The Merriam-Webster English Dictionary defines indifference as:
- Lack of difference or distinction between two or more things
- Absence of compulsion to or toward one thing or another
I frequently use the term agnostic in my talks and presentations on virtualization, but I recently found that I've been using it incorrectly. I have become a believer in what some techie bloggers refer to as the radical and eccentric mindset that the
Andrew Kutz is a developer and blogger who wrote the opinion piece "Ubiquitous underpinnings and idyllic interfaces -- The virtualization ecosystem of the (very near) future," which said that while hypervisors themselves should not matter, the tools necessary to manage them do. The last statement he makes in the article resonated with me:
Software vendors that wish to play in the game need to produce idyllic interfaces that are fun, functional, interoperable, are delivered via the Web and can manage any of the ubiquitous hypervisors on the market.
In my many years of working in the IT trenches, I have been subjected to a few dozen or so management applications that had to be installed on my machine in order for me just to get through my daily grind. When I ventured down the path of virtualization, I soon realized that virtual app makers were making the same mistake that hundreds of vendors had made before them, which is requiring proprietary management tools.
The era of these types of tools is over -- or at least it should be. While no complete admin software package has come to reality yet, some vendors of individual pieces have already claimed their hypervisor independence, such as Vizioncore and Abiquo. If others would actually talk with (notice I said "with," not "to") their customers, I believe they would also understand that the terms "vendor lock-in" and "proprietary" are not what we IT folks hold near and dear to our hearts.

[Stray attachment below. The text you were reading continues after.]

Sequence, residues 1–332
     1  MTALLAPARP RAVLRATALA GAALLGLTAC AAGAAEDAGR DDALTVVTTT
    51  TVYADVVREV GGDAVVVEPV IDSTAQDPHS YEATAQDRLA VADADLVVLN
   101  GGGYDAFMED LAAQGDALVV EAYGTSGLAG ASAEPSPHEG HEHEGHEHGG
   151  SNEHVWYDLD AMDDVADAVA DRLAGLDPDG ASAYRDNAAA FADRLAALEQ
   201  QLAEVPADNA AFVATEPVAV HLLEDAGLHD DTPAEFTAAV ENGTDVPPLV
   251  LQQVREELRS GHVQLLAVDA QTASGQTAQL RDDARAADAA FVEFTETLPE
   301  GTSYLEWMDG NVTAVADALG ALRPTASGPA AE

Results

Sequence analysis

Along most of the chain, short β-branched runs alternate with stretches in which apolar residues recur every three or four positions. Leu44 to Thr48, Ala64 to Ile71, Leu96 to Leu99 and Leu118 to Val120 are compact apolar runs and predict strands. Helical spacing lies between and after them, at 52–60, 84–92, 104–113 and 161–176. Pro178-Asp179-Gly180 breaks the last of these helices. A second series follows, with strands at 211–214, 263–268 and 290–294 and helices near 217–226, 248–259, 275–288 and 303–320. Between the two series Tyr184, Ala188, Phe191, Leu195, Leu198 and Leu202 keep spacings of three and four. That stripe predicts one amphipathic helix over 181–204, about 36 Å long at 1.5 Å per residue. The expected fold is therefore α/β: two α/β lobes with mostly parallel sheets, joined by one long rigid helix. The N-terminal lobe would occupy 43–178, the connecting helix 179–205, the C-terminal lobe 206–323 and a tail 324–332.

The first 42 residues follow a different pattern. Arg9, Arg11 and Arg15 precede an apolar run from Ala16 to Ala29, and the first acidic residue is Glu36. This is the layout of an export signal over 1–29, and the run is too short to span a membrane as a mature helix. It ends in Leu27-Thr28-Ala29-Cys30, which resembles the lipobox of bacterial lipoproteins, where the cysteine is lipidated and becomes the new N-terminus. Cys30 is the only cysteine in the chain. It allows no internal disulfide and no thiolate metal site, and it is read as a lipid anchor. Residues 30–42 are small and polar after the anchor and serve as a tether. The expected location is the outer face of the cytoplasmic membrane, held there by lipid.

Read more about hypervisors:
Smartphone hypervisors -- what's the use?
Citrix releases immature version of XenClient hypervisor
Why hypervisor lock-in is an advantage for VMware View
I encountered this quandary earlier this year. I was at a large trade show in Las Vegas, and two of the largest virtual desktop infrastructure (VDI) vendors -- I'll call them Vendors A and B -- were up on the stage. After a few self-promoting arguments from both sides, they started the Q&A session. I raised my hand and asked Vendor B a simple question, "When will your VDI product and associated management software support multiple hypervisors and not just your own?" The company representatives responded with "Truthfully, our customers aren't asking for it". That answer surprised me a bit, and judging from the reaction of others in the audience, they were as perplexed as I was.
So I asked the follow-up question "Are you actually asking your customers if they want that option?" I got a single "No" in response, and as quick as it came, someone took the microphone away and picked another question. It was like the guy onstage had pushed a big red button that told the mic wranglers, "Make him go away."
Now that type of reactive response from Vendor B may reflect the temperament of the person giving the response, but it is representative of the company as a whole, as its releases have shown. All that the vendor provides for its products, including the hypervisor, is a single proprietary and limited platform management solution, while its two main competitors boldly stand out and say, "Yes, we can manage them too." Sure, those solutions are still more beta than gold image, but they are going in the right direction, the direction that most of us in IT want to follow
Is virtualization technology a perfect world out where everyone gets along and plays nice in the same sandbox? Not by a long shot; I bet there are many big players that'll steal you shovel and bucket faster than you can blink. But I'm not really asking for perfect, or even nearly perfect, just indifference. But maybe that's too "radical," or "eccentric," or even "agnostic."
ABOUT THE AUTHOR:
Mike Nelson has been in IT for over 20 years and had exposure to a very diverse field of technologies and solutions. He has devoted over half a decade to virtualization and server-based computing. Nelson is currently a senior analyst at a Fortune 100 company in the U.S. Midwest.